The Kentucky senator told a New Hampshire paper he will intervene this month when Congress debates renewal of the USA PATRIOT Act, source of modern surveillance programs.
Republican presidential candidate, Sen. Rand Paul, R-Ky. speaks during a town hall meeting at the Loins Club hall with area residents, Monday, May 11, 2015, in Londonderry, N.H. Paul is an outspoken critic of the Patriot Act, and one only two Republicans to vote against it’s renewal in 2011.
MINNEAPOLIS — An important deadline is looming for both supporters and detractors of America’s mass surveillance programs revealed by Edward Snowden. With a vote on the Patriot Act reauthorization scheduled for next week, Kentucky Sen. Rand Paul plans to block this post-9/11 legislation that provides legal justification for this indiscriminate invasion of privacy by U.S. government agencies.
Paul told the New Hampshire Union Leader on Monday that he will lead the opposition to the act: “We will be filibustering. We will be trying to stop it. We are not going to let them run over us.”
The Patriot Act expires on June 1, but Congress must vote before a scheduled break on May 22. In addition to a proposed filibuster, Paul also threatened to amend the bill to prevent continued violation of Constitutional rights.
Paul, a notoriously outspoken senator from Kentucky, is a supporter of the tea party movement and known for his opposition to U.S. surveillance programs. He was one of two Republicans to vote against renewal of the Patriot Act’s mass surveillance provisions in February 2011. Unlike many privacy advocates who oppose mass surveillance on the grounds that it violates the First and Fourth Amendments, Paul also considers the Patriot Act a violation of his Second Amendment rights.
Igor Bobic, writing for The Huffington Post on Monday, noted: “It’s unclear whether Paul plans to vote to block reauthorizing the surveillance law, or whether he intends to mount a traditional ‘talking’ filibuster that would eat up valuable time on the Senate floor.”
The Patriot Act and the mass surveillance programs it authorizes are controversial among members of Congress, but the division doesn’t fall along traditional party lines. Senate Majority Leader Mitch McConnell, another Kentucky Republican, wants to renew the Patriot Act unchanged, according to USA Today’s Erin Kelly. “He said the government’s power should not be weakened at a time when the threat from the Islamic State and other militant groups is growing,” Kelly wrote last week.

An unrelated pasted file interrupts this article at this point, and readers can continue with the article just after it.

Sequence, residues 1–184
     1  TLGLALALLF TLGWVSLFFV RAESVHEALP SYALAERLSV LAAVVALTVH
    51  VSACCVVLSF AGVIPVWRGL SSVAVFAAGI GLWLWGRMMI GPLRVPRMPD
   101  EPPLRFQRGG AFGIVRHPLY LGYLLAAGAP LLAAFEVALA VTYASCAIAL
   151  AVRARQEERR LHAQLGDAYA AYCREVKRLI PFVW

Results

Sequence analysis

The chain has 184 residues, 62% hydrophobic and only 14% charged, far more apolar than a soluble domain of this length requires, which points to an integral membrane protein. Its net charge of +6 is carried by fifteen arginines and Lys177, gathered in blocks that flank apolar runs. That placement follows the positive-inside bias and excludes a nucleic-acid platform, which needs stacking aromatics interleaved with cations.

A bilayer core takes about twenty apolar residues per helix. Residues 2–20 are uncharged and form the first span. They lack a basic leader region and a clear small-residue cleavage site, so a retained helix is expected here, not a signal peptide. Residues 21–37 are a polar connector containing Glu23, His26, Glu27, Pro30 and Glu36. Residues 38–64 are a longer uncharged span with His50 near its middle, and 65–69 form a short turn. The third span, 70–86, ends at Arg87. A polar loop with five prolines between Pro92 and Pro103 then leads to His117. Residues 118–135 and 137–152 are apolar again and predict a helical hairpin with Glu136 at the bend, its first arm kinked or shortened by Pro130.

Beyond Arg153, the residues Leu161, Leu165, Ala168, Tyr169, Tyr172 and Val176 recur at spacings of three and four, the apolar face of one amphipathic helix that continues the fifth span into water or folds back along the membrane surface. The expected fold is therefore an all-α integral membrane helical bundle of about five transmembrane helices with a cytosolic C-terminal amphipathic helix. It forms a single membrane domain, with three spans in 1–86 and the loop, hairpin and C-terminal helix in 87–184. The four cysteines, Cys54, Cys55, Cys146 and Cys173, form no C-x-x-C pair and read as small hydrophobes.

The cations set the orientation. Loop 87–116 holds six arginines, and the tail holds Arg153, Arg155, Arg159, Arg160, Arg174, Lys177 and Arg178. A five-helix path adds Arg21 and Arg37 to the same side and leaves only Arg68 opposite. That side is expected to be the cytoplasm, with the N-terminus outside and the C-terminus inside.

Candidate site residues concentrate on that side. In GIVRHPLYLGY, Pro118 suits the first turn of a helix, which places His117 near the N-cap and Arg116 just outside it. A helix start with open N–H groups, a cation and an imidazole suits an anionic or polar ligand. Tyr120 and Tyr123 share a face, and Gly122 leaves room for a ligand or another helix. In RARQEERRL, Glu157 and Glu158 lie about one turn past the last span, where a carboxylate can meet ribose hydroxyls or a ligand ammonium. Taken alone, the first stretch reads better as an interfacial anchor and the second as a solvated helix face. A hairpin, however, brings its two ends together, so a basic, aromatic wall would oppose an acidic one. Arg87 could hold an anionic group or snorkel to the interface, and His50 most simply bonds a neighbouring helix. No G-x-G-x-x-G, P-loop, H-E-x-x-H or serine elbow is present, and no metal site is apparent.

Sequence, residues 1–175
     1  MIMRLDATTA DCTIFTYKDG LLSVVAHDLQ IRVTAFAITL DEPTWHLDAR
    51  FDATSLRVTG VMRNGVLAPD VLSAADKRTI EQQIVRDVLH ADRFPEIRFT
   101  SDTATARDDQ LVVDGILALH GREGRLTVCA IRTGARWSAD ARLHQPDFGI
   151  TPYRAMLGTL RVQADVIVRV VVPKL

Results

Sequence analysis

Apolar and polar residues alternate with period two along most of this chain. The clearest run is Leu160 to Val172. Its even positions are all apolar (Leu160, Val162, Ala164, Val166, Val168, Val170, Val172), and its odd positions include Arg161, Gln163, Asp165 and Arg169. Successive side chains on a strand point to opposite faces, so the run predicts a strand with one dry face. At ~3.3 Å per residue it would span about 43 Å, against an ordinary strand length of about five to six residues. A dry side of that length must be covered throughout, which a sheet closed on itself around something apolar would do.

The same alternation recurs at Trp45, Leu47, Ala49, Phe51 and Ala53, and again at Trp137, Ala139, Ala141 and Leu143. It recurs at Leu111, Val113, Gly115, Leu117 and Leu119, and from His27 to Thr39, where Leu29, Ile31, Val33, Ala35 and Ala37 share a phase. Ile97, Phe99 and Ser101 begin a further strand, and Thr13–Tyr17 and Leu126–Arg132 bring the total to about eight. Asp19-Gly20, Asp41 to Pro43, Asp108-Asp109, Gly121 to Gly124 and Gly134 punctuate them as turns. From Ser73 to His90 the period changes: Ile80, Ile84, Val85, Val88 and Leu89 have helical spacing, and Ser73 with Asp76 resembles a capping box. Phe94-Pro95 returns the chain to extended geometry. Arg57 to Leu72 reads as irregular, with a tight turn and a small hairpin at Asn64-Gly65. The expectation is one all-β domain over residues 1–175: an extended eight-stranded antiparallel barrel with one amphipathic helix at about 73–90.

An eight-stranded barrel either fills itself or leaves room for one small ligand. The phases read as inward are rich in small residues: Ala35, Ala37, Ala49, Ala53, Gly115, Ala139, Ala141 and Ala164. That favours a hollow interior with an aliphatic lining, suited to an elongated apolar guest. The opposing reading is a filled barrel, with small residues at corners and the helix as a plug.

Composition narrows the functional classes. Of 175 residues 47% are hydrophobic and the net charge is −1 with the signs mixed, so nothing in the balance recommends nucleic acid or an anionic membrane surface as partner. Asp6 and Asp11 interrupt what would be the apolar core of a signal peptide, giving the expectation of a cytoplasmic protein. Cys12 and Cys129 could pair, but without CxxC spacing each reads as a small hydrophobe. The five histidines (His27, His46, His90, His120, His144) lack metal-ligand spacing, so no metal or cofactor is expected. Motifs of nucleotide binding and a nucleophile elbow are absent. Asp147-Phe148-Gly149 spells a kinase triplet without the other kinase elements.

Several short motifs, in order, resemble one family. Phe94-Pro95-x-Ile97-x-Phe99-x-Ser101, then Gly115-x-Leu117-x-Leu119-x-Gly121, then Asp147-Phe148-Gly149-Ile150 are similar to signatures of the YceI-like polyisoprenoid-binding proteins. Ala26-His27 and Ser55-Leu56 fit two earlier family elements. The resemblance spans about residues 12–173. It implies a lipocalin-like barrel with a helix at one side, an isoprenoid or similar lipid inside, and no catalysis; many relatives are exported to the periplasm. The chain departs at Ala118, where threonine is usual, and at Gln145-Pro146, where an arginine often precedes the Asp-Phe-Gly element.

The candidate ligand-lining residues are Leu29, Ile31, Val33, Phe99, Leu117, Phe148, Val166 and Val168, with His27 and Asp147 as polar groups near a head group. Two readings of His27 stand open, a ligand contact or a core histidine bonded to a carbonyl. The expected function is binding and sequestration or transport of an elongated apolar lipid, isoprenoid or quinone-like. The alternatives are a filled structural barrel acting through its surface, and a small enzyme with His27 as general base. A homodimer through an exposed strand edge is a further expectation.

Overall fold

But the act is opposed by Paul and other tea party Republicans, who are joined in opposition by liberal Democrats. For example, sponsors of the recent USA Freedom Act, a bill that would end the widespread collection of telephone metadata, saw sponsorship from both “conservative Republican Reps. Bob Goodlatte of Virginia and Jim Sensenbrenner of Wisconsin to liberal Democratic Reps. John Conyers of Michigan.“
Another example of the split within the GOP came when Utah’s Republican Sen. Mike Lee faced off against McConnell over the Patriot Act.
“Nothing in this extension has ever, ever been found to be unconstitutional. And most of these authorities have never even been challenged in court,” McConnell was quoted as saying
While Lee agreed that the surveillance program had never been found illegal, he pointed out that the public only knows it exists because of Edward Snowden: “But listen to what he’s saying. … Until quite recently, the American people weren’t aware of this program. So it’s not exactly something that could be challenged right away anyway.”
Regardless of what Congress decides, the debate further illustrates the lasting effect of Snowden’s revelations on the nature of American politics.